Christine & The Queens – Chris: Album Review

On her second album Chris, Héloïse Letissier displays her truest form, the femme fatale of the pop genre with elegance and poise in abundance. She is an absolute star and has to be honoured as one of pop music’s true shining lights after this compelling, powerful listen. Christine & The Queens is a form of expression for Héloïse, and this sophomore album is her magnum opus; an incredible insight into the world of an eccentric popstar.

*DISCLAIMER: I cannot comment on the French version of this album as I do not speak the language*

Christine & The Queens is the professional performance name of French singer-songwriter Héloïse Letissier, an abstract and divergent act who has never been one to shy away from embracing your true self. Her debut album chaleur humaine was originally released in France in 2014 before being re-issued in America and the UK in 2015 & 2016 respectively. The album received huge acclaim for it’s daring spirit and free-will, and as of today it has sold almost a million copies worldwide.

What sticks out to me straight away when hearing Chris, the eagerly anticipated follow-up album, is the level of artistic maturity Letissier shows; offering more punchy and direct lyricism than the predecessor. The songwriting is as deft and sweet as it is sexual and flashy, oozing confidence and empowerment from start to finish. Whether it be the harrowing tales of domestic violence on The Walker, or the insatiable lust-driven pop ballad Girlfriend; this album puts its point across in the most poignant ways imaginable.

The album feels like a systematic portrayal of the protagonist’s inner psyche, stating that vulnerability and infirmity are as common as feeling voluptuous and stimulating. Perhaps Chris’ greatest asset is just how accessibly pop it appears on the surface; offering glitzy, glamorous production and catchy melodies for a groovy sonic experience, while conquering so many challenging concepts in her lyrics. Letissier uses her progressive nature to implement her vision as a modern day enigma of the music industry on here, developing from frustration at a lack of acceptance to the unapologetic artistic powerhouse she becomes on Chris.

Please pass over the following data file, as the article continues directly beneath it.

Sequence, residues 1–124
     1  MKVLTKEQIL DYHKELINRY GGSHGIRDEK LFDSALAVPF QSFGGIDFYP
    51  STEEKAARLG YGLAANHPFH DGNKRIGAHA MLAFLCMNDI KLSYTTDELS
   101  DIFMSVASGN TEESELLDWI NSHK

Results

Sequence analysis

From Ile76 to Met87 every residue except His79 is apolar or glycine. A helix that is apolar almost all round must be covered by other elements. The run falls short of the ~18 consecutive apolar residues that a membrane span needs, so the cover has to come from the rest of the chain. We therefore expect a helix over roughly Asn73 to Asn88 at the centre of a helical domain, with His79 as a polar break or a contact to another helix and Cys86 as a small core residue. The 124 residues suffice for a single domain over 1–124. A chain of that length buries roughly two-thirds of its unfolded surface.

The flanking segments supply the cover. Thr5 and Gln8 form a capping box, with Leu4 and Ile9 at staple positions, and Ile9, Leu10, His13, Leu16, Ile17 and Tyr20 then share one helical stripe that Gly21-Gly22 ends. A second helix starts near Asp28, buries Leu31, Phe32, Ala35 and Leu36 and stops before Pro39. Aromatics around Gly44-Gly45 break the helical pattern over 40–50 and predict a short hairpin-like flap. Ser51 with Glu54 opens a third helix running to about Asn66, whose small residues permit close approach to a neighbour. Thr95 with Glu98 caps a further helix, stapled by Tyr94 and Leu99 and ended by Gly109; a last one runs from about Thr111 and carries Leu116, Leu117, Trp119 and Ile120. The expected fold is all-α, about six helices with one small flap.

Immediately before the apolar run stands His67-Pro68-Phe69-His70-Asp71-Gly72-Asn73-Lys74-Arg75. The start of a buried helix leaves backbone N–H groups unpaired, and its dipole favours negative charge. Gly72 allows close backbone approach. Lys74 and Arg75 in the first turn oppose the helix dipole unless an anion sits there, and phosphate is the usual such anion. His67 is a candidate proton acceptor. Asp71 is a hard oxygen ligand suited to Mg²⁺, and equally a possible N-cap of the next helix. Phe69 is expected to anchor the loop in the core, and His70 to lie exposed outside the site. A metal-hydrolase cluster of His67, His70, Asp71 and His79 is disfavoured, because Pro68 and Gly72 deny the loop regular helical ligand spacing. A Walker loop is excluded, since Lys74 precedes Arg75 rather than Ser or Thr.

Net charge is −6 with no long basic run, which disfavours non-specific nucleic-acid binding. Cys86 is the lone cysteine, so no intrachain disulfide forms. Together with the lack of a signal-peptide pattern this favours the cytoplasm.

Normally on a review I will discuss the singles that came out prior to release, particularly in pop music, but this album has a unique blend where literally every song is good enough to be a single. 5 Dollars became the second single for its angelic piano keys and wondrous harmonies, but equally as tasteful a sound is the project opener Comme si with its majestic 80s style synth bop sound; or the bouncy electro-pop anthem Feel so good. There are so many strings to the bow of this album, it boasts an essential pop sound while also demonstrating cultural importance.

The album isn’t perfect, it has one or two tiny rough edges but that would be me being very nit-picky. All in all it is a celebration of being different in a structured society, discussing toxic masculinity, queer culture and lustful desire on one of the most blissful albums of the year. As far as pop music, Christine & The Queens is right up at the top of the bracket; she is continually announcing herself as an innovator of the genre. With this album, you can get introspective about your societal form as well as dancing around to impossibly captivating production. Merci Mademoiselle, and Bravo!


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